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What: Shares of Integrated Device Technology (NASDAQ: IDTI) fell as much as 13.1% in Tuesday's early trading. The designer of mixed-signal semiconductors reported solid first-quarter earnings Monday night, meeting or beating analyst targets across the board. However, management also noted that major customer Huawei will turn elsewhere for communications chips in an updated high-speed network switch, reducing Integrated Device Technology's sales by $12 million per quarter.
So what: In the first quarter, sales rose 19.4% year over year to $192.1 million. Adjusted earnings increased by 16%, landing at $0.36 per diluted share. Analysts had no issue with any of these figures, and the revenue tally was actually a mildly positive surprise.
But the lost Huawei revenue is going to hurt. Revenue guidance for the second quarter pointed to $184 million, slowing Integrated's roll to just roughly 9% year-over-year sales growth. It's a big step back from the current trend.
Now what: Making matters worse, this was a product that was always assumed to have no real competition. Analysts and management agreed that it wouldn't make sense for anybody else to put in the research and development work to create a chip for this highly specific niche market -- but Huawei did exactly that, developing its own chip in-house.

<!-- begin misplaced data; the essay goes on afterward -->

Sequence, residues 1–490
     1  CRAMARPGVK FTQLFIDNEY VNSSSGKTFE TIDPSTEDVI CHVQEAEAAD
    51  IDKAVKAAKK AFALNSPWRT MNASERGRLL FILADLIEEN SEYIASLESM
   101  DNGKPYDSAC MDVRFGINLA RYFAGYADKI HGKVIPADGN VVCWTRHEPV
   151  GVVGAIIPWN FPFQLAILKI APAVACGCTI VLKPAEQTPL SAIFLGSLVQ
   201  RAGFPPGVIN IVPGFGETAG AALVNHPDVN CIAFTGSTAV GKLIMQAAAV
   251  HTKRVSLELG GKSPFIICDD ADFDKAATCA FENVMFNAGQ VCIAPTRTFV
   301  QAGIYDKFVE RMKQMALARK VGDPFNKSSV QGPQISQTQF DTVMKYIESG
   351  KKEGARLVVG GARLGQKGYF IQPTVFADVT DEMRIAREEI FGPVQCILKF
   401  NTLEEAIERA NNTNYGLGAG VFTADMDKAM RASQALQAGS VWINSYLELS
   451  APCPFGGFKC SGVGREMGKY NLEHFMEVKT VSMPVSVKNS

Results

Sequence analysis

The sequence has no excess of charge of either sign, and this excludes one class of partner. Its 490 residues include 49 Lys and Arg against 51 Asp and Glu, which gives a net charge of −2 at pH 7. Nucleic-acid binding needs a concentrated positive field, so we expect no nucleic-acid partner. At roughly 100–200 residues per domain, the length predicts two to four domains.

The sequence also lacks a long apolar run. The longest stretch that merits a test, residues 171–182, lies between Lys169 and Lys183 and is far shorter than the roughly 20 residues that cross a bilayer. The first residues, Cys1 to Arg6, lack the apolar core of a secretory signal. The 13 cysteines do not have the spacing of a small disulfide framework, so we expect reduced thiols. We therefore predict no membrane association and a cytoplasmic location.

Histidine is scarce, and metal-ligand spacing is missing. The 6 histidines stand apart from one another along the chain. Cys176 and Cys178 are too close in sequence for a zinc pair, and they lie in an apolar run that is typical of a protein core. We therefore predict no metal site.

Integrated doesn't see this move cascading into more lost contracts. The company is the sole provider of this specific chip type to many telecommunications equipment giants, but Huawei is not likely to start selling its own custom solution to direct competitors.
The market reaction to this unfortunate development seems appropriate. Integrated Device Technology is losing a good chunk of future revenues here, but it is not a fatal wound. Including Tuesday's haircut and a 29% single-day plunge on weak guidance in February, shares have now traded sideways over the last 52 weeks.
Expect the extreme volatility to continue from here, as the company finds its sea legs in a rapidly changing industry.
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Anders Bylund has no position in any stocks mentioned. The Motley Fool has no position in any of the stocks mentioned. Try any of our Foolish newsletter services free for 30 days. We Fools may not all hold the same opinions, but we all believe that considering a diverse range of insights makes us better investors. The Motley Fool has a disclosure policy.